When people take on challenges, they often are reminded the struggle is a marathon, not a sprint.
That bit of conventional wisdom goes double for Ashley Schneider this month as she prepares to run her first marathon while raising money for the fight against eating disorders — a difficult road she has traveled for the past year and a half.
Ashley, 21, a 2016 graduate of North High School, began her recovery journey in August 2017. She calls it the dance of recovery — "two steps forward, one step back, repeat."
Her next big steps — tens of thousands of them to cover 26.2 miles — will come June 22 when she completes Grandma's Marathon in Duluth, Minn. She is running to raise money for the National Eating Disorders Association. The nonprofit organization estimates that 20 million women and 10 million men in the United States will suffer from an eating disorder at some point in their lives.
It's hard for Ashley to pinpoint exactly when her eating disorder started, but she knows she has been self-conscious about her appearance for as long as she can remember.
She specifically recalls an incident as a little girl on an elementary school playground when a peer told her, "You're just really fat and ugly, and no guy will ever like you." Sadly, the bullying comment stuck with her.
The only positive side effect of such an experience is that Ashley, an elementary and special education major at the University of Minnesota-Duluth, takes bullying seriously when she works with children. "I can't not intervene when I see bullying," she said. "I'll definitely be that teacher who makes people say nice things to each other and pushes them to make other people feel good about themselves."
Ashley tried her first fad diet in fourth grade. In high school, she lost weight as a member of the swim team and noticed how it changed the way people treated her.
After enrolling at UM-D, her growing obsession with body image spiraled out of control.
She deprived herself of food and even water, overexercised, abused laxatives and at times would weigh herself up to 30 times a day. Her bones began to protrude from her skin as her weight plummeted to an unhealthy level, and she suffered from occasional blackouts. She became moody and increasingly isolated herself from others.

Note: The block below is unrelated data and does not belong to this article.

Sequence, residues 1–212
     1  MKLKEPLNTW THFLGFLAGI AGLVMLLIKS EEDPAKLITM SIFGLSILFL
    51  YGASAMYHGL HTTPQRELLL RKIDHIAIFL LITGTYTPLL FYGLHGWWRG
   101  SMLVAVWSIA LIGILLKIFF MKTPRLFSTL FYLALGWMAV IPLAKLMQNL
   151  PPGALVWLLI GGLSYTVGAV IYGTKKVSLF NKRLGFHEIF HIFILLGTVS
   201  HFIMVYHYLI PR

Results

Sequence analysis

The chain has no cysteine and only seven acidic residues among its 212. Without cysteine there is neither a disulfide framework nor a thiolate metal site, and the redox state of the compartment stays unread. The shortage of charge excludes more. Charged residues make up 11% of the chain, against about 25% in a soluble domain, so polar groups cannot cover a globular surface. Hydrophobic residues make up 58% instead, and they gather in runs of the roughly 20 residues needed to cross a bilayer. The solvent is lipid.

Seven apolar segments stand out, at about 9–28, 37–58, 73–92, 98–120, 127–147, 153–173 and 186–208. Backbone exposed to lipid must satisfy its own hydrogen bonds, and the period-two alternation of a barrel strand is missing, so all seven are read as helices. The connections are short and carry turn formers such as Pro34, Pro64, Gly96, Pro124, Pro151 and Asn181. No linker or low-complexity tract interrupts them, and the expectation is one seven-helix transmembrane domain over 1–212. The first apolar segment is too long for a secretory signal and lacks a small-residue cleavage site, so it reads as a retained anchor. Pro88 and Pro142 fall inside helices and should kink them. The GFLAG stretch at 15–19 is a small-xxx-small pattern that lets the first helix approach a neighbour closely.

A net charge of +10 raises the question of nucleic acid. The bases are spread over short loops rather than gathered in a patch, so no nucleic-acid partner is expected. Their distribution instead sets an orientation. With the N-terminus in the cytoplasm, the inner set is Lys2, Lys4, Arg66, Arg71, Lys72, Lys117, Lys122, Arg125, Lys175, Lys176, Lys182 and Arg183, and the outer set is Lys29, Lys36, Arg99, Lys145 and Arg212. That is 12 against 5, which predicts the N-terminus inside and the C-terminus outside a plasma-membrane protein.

"I learned to accept all of that because I was skinny," Ashley said. "Nothing else mattered. That was the thing controlling my life."
When family and friends suggested she was getting too skinny, Ashley brushed off their comments and said she was fine.
"When I'd look at myself in the mirror, I still didn't think I was skinny," Ashley said. "People would say your bones are sticking out, and I still saw myself as overweight."
Finally, Ashley's parents, Mary and Todd Schneider of Eau Claire, had seen enough.
In the guise of a routine doctor's checkup, Mary scheduled an intervention appointment to discuss eating disorders and get help for Ashley. The doctor warned Ashley that her eating disorder could be fatal and they started discussing recovery steps, including meetings with dietitians and counselors.
"If not for me taking her to the doctor, we don't think we'd have our daughter today," Mary said. "It's the best thing I ever did."
Ashley was diagnosed with bulimia nervosa, which the National Institute of Mental Health defines as an eating disorder characterized by binge eating followed by behavior that compensates for the binge such as purging (vomiting, excessive use of laxatives or diuretics), fasting and/or excessive exercise.
Ashley admitted the road to recovery was particularly bumpy at first, as she returned to college and some of her old habits.
Late that fall, her parents issued an ultimatum, telling her she had to be fully invested in recovery or they would keep her at home and monitor her every move. Then one of her best college friends joined the chorus, telling Ashley she wasn't the same fun-loving person any more.
"Hearing your friends say you are not who you were, that really made it hit home for me," Ashley said. "I think I fully accepted it at that point."
It hasn't been easy, but Ashley expressed confidence last week that she remains on the right track.
"I would say I'm very healthy now," she said. "I don't even know what that number on the scale is. I threw away my scale in April and haven't seen or heard that number since then. That was a huge step in my recovery."
Ashley may be training for a marathon, but she allows herself rest days and follows a written exercise plan.
Most importantly, Ashley said she's happy — a claim she couldn't make in the depths of her struggle with body image — and finally believes she is, in her words, "enough."
Now she is committed to helping others who are struggling with eating disorders — illnesses that National Eating Disorders Association spokeswoman Kylee Tsuru says have the second highest mortality rate of all mental health disorders, surpassed only by opioid addiction, which is widely considered a national crisis.
"I feel lucky to even be here," Ashley said. "So many people are suffering from eating disorders and don't know how to deal with it. I've been through it and feel like I can help others get to that happy point by telling my story."
To that end, in addition to running the fundraising campaign, she agreed to share her saga with the Leader-Telegram, she writes an online recovery blog and, someday, she plans to write a book about her experience.
Seeing her progress has been a huge relief for Ashley's parents.
"She's come a long way," Todd said.
"It was a struggle, but she's doing phenomenally now," Mary added. "We're so proud of her."
At Grandma's Marathon, those proud parents, along with Ashley's brother Michael and his fiancee Michaela, expect to be on the sidelines, just as they have been all along, cheering Ashley every step of the way.
For her part, Ashley plans to just keep moving forward.
One step at a time.